Tuesday, September 23, 2014

"Who Am I?" (or, Who Was I?)

   I like the story of Les Mis.  I definitely like the musical.  I was not wild about the movies.  The book is definitely a good, and very long, read (or listen!).

   At it's core, Les Mis is a story about Identity Fraud!  It's the story of a man, seemingly wrongly convicted, who operates under a false identity in order to be able to live his life.  It's a common literary theme, used in stories like Martin Guirre, The Count of Monte Cristo and Matchstick Men.  In "olden times", Identity Fraud penalties were very serious. Today... not as much.  Last time we started a discussion of Identity Fraud - we'll continue our discussion of this topic.


   Breaches of online merchant websites and databases get a lot of media attention.  But there are many ways ID fraud is committed including:
  • Shoulder Surfing - this means someone looking over your shoulder, for example when you enter your PIN at an ATM
  • Dumpster Diving - it's amazing what people throw away
  • Mailbox theft - checks, financial statements and other sensitive documents get stolen from mailboxes
  • Stolen purse, wallet, laptop, tablet, phone - these all contain plenty of personal information
  • Social Engineering - be careful about what information you give out about yourself
  • Phishing - email or phone - con artists will call or email pretending to be your bank, law enforcement or other authority and ask you for information.
  • Social media - do you really know who your "friends" are?... there are all kinds of requests and information gathering schemes
  • Copy-cat websites - it's pretty easy for scam artists to create a fake site that looks just like your bank's website, perhaps with a misspelled URL like nationa1bank.com (that's a one instead of an L), and then collect the info you enter.
  • By known or unknown thieves! - some ID thieves know their victims.

   So many choices!

   This is hardly a new crime, nor is it a high-tech crime.  Confidence schemes have been around for a long time.  Technology can help facilitate the crime and does add some new methods.  But crimes like check fraud have been around as long as there have been checks.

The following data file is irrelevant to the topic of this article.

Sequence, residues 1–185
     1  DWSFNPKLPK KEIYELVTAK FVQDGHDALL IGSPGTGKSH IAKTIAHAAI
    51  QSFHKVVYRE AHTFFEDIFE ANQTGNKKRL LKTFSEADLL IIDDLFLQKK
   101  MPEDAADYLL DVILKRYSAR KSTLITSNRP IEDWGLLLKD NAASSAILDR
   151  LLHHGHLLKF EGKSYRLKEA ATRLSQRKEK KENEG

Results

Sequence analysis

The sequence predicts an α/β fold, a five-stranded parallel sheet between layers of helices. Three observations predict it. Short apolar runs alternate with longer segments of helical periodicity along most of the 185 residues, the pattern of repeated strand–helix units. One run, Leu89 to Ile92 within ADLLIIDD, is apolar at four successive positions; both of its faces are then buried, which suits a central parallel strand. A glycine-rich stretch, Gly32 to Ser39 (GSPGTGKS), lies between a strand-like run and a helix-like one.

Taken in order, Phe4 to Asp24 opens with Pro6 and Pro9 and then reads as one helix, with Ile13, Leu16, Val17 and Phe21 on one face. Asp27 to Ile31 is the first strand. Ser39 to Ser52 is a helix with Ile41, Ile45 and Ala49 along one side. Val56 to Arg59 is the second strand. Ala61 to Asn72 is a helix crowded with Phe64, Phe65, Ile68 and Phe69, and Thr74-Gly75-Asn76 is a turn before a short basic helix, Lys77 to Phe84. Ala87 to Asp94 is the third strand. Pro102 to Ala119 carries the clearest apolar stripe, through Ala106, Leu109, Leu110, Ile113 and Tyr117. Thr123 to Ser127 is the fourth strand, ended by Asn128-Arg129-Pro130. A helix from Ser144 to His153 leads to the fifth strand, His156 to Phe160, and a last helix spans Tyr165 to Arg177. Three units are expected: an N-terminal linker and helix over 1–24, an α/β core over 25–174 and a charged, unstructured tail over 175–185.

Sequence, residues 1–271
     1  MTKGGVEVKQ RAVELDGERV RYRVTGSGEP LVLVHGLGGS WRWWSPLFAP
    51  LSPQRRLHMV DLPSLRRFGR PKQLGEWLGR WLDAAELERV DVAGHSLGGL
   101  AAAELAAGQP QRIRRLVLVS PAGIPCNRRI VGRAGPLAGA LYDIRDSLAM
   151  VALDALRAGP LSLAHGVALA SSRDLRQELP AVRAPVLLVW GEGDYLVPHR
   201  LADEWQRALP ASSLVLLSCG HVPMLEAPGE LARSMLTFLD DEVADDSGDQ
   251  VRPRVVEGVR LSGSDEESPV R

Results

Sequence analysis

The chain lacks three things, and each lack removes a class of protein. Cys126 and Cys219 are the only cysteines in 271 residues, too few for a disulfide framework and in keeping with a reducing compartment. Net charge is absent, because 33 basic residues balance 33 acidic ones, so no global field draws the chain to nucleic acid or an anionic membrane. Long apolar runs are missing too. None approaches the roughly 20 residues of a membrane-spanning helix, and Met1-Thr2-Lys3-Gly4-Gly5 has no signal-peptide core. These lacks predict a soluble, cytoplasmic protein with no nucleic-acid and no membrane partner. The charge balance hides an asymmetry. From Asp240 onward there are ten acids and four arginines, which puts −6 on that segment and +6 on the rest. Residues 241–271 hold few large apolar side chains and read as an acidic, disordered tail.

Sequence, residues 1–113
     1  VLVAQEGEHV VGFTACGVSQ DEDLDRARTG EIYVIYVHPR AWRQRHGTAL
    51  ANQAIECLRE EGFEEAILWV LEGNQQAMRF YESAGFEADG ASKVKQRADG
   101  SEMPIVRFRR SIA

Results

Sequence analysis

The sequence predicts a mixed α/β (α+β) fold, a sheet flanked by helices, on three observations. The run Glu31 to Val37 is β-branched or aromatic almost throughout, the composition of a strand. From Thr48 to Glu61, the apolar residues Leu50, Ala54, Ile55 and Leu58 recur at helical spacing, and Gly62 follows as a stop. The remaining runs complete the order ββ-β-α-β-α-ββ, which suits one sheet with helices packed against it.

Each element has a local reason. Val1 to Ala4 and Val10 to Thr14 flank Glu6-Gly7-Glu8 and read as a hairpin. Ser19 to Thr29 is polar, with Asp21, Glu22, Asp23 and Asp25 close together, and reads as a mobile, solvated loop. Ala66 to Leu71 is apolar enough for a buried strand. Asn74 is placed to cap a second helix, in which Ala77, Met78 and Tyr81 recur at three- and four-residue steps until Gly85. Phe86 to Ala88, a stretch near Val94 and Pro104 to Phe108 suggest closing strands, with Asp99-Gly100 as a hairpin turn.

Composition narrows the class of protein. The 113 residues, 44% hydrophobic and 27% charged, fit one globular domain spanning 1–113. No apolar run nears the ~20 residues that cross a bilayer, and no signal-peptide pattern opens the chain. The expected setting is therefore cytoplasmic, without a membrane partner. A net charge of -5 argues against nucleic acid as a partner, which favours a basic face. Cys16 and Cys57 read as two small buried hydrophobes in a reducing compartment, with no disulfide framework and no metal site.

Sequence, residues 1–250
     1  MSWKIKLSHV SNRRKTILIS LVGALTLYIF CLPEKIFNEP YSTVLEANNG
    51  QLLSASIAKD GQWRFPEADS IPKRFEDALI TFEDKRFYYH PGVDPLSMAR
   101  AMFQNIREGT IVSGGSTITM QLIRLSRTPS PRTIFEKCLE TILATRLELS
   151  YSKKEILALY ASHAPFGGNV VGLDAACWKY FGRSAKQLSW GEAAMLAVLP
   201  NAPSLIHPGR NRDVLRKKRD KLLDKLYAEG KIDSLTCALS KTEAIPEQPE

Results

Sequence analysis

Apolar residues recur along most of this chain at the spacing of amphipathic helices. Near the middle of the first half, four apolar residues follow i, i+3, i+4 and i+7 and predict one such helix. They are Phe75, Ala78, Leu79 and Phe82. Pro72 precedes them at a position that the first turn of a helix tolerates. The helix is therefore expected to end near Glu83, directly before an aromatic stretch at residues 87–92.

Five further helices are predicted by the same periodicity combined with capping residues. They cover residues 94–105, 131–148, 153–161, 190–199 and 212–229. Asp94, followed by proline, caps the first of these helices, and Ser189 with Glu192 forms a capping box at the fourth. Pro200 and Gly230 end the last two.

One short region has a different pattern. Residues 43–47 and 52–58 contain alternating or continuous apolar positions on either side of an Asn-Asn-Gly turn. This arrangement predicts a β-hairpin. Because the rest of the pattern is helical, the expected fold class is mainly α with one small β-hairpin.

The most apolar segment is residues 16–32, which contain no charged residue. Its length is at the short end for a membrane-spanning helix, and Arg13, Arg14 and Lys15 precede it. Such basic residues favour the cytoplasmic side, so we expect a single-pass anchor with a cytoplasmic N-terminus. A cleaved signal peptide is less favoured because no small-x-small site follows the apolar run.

In the US, Identity Fraud was not a federal crime until 1998!

   So what do they want?
  • Social Security number
  • Full Name/Mother's maiden name
  • Bank Acct numbers
  • Credit Card numbers
  • Pre-approved credit applications
  • Blank checks
  • Medical/Insurance billing, accts and info
  • Passwords/encryption keys!
  • Other identifying numbers or info

   I'll wrap up this post with a few stats:
  • 15M victims per year - in the US
  • 100M at risk due to data breaches
  • Federal Trade Commission – top consumer complaint for 14 years!
  • 85% of incidents abuse of current accounts - this means making charges or withdrawing money from existing accounts the victim has
  • Total fraud costs up ($50B US)
  • $3500 mean fraud loss per victim

   Despite all the media hype, this is still more of an offline issue than online:
  • 44% lost or stolen wallets/purses
  • 16% auto burglary
  • 15% online
  • 12% home burglary
  • 9% “friendly theft” - this is where the victim knows the thief

   How your ID is being used:
  • New Account Fraud – credit cards, loans - this is one of the most dangerous issues in which the fraudster creates new accounts in your name
  • Existing Account Theft
  • ID misuse - in which a thief uses your identification in the commission of other crimes
  • Tax fraud
  • Medical fraud - using a fraudulent identity to receive prescriptions or other medical treatment.

   Hopefully all this bad news didn't get you down.  But there's hope!  We've admired the problem enough.  Next time we'll talk about what to do if you think you have been a victim of identity fraud.

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